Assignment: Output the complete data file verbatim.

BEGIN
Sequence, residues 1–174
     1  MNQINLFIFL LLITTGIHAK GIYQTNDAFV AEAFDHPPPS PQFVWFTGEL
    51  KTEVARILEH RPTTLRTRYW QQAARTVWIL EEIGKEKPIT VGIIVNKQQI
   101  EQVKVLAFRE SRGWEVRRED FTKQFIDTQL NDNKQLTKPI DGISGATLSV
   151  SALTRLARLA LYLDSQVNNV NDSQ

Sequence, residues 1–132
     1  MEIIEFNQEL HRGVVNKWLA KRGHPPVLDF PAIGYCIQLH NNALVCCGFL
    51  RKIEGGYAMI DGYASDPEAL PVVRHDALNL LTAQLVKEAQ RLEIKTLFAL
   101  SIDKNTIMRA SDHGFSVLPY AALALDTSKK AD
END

Sequence, residues 1–174
     1  MNQINLFIFL LLITTGIHAK GIYQTNDAFV AEAFDHPPPS PQFVWFTGEL
    51  KTEVARILEH RPTTLRTRYW QQAARTVWIL EEIGKEKPIT VGIIVNKQQI
   101  EQVKVLAFRE SRGWEVRRED FTKQFIDTQL NDNKQLTKPI DGISGATLSV
   151  SALTRLARLA LYLDSQVNNV NDSQ

Sequence, residues 1–132
     1  MEIIEFNQEL HRGVVNKWLA KRGHPPVLDF PAIGYCIQLH NNALVCCGFL
    51  RKIEGGYAMI DGYASDPEAL PVVRHDALNL LTAQLVKEAQ RLEIKTLFAL
   101  SIDKNTIMRA SDHGFSVLPY AALALDTSKK AD